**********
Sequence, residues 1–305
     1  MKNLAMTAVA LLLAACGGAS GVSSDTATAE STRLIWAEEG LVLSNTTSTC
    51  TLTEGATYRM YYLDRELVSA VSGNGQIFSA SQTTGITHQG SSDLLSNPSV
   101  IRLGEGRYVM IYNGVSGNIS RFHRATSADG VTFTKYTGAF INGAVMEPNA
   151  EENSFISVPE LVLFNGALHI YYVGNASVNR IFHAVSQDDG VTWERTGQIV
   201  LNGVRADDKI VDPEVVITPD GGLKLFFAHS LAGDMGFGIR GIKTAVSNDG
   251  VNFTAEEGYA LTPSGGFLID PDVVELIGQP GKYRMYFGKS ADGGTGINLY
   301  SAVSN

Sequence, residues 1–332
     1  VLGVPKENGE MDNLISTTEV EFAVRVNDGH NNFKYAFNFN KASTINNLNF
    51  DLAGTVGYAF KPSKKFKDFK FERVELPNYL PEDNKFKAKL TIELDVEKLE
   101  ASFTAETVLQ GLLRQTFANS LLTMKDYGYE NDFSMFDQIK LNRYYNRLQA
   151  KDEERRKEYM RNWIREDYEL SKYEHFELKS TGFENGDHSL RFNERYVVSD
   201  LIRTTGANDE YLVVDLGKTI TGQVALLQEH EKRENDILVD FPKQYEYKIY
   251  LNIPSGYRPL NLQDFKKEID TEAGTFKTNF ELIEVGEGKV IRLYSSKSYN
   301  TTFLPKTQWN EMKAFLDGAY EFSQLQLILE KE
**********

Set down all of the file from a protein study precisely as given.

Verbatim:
Sequence, residues 1–305
     1  MKNLAMTAVA LLLAACGGAS GVSSDTATAE STRLIWAEEG LVLSNTTSTC
    51  TLTEGATYRM YYLDRELVSA VSGNGQIFSA SQTTGITHQG SSDLLSNPSV
   101  IRLGEGRYVM IYNGVSGNIS RFHRATSADG VTFTKYTGAF INGAVMEPNA
   151  EENSFISVPE LVLFNGALHI YYVGNASVNR IFHAVSQDDG VTWERTGQIV
   201  LNGVRADDKI VDPEVVITPD GGLKLFFAHS LAGDMGFGIR GIKTAVSNDG
   251  VNFTAEEGYA LTPSGGFLID PDVVELIGQP GKYRMYFGKS ADGGTGINLY
   301  SAVSN

Sequence, residues 1–332
     1  VLGVPKENGE MDNLISTTEV EFAVRVNDGH NNFKYAFNFN KASTINNLNF
    51  DLAGTVGYAF KPSKKFKDFK FERVELPNYL PEDNKFKAKL TIELDVEKLE
   101  ASFTAETVLQ GLLRQTFANS LLTMKDYGYE NDFSMFDQIK LNRYYNRLQA
   151  KDEERRKEYM RNWIREDYEL SKYEHFELKS TGFENGDHSL RFNERYVVSD
   201  LIRTTGANDE YLVVDLGKTI TGQVALLQEH EKRENDILVD FPKQYEYKIY
   251  LNIPSGYRPL NLQDFKKEID TEAGTFKTNF ELIEVGEGKV IRLYSSKSYN
   301  TTFLPKTQWN EMKAFLDGAY EFSQLQLILE KE